Tamika L’Ecluse, vice president of Sacramento Investment Without Displacement, applauds the city’s investment in the Oak Park community. Verbal Adam, OBSERVER

By Verbal Adam | OBSERVER Correspondent

Oak Park residents will soon have financial assistance for housing-related expenses through the Aggie Square Project, a joint initiative between the City of Sacramento, University of California, Davis and Wexler Science & Technology. 

The funds will provide residents with assistance for expenses related to unexpected life occurrences, one-time costs associated with getting residents stable housing and financial assistance toward homebuyer education. 

“We need to set aside dollars to make sure that people who are living in their homes in the neighborhoods adjoining Aggie Square can remain in their homes,“ Mayor Steinberg told the press Feb. 3.  “And so today we launch the beginning of a $10 million investment funded by the University of California, Davis per our agreement and funded by the city of Sacramento, to the first $2 million to help existing homeowners and renters stay housed.”

Mayor Darrell Steinberg
Mayor Darrell Steinberg announces $2 million in financial assistance for housing related expenses for Oak Park residents during a press conference Feb. 3. Verbal Adam, OBSERVER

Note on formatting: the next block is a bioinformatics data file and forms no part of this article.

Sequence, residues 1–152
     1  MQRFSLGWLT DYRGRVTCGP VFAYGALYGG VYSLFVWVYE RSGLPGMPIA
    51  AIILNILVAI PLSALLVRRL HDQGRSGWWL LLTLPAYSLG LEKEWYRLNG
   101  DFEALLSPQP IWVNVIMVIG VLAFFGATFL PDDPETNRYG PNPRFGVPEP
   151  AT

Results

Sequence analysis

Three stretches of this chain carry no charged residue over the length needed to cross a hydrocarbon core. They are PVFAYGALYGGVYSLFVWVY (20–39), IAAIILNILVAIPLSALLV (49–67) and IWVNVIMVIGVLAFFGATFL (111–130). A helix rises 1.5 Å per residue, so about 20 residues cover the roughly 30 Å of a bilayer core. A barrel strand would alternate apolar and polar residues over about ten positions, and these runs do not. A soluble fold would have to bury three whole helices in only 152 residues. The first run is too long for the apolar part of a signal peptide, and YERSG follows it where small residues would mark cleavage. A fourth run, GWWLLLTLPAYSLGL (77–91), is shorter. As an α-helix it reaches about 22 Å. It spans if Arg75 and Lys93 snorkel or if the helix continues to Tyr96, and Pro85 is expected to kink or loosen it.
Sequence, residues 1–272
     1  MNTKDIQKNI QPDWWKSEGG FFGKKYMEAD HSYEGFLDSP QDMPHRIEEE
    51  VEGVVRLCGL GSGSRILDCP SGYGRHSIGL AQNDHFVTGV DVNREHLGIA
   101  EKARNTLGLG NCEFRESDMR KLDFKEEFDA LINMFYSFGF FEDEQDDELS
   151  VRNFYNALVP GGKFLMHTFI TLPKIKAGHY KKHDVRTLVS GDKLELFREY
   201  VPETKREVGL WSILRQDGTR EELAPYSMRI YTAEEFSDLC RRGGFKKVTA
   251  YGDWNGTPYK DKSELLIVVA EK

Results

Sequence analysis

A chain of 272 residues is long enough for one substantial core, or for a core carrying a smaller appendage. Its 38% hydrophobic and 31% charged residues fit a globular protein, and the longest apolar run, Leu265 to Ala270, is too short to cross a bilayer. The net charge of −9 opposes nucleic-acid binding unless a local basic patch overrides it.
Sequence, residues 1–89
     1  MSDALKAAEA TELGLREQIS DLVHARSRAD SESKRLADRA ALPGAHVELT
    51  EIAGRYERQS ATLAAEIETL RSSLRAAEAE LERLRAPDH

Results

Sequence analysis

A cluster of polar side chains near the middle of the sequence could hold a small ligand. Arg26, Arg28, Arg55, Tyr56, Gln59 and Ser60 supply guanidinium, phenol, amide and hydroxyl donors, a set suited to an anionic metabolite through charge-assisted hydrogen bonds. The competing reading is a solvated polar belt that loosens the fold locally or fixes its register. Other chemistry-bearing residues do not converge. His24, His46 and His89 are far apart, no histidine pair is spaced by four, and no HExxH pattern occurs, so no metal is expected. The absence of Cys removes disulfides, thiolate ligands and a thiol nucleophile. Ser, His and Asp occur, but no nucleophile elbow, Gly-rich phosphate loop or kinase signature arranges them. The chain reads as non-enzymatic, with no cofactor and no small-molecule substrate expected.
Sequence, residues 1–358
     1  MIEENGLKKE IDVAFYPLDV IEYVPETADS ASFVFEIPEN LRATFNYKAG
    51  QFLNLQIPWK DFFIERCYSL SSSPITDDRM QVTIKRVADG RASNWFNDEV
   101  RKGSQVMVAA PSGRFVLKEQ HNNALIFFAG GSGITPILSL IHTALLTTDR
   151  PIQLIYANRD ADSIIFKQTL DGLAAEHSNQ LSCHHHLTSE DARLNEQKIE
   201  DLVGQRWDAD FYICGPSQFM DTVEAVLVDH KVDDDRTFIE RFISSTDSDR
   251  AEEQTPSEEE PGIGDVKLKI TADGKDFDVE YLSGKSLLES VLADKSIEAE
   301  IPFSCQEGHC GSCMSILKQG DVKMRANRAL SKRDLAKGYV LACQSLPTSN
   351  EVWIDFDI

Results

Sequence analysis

Those residents who might qualify for assistance include “somebody who has a need for home repair or if the rent goes up too much, assistance to be able to bridge that gap or emergency assistance if somebody loses a job,” Steinberg said.

The project aims to redevelop the area of Stockton Boulevard and 2nd Avenue known as Aggie Square from its current use as parking lots and UC Davis facilities, to research space for academic and industrial use. 

Once completed, the project would add nearly $5 billion annually to the regional economy and create an estimated 25,000 jobs, 20 percent of which would be reserved for people living in the adjoining communities. The agreement also includes a 20 percent investment to significantly improve the transportation networks including the construction of a new section of 3rd Avenue that would connect Stockton Boulevard to 49th Street.  

The project has raised an additional $50 million for a Stockton Boulevard affordable housing trust fund, and $43.5 million for housing development, including the Mercy Housing Project which will provide 500 affordable housing units when complete. 

Tamika L’Ecluse, vice president of Sacramento Investment Without Displacement, directs a coalition of organizations and residents who work to ensure developments impacting people and small businesses in local communities receive direct investments to prevent gentrification and displacement. 

 “These programs are responsive to what residents said they needed and are based on program strategies that have proven to keep people in their homes and in their communities,” L’Ecluse said.  “We thank the city’s leadership for meaningfully addressing historic disinvestment too many of our communities have faced. We look forward to working with the city to adopt additional policies that will ensure that no resident is displaced from the space that they call home.”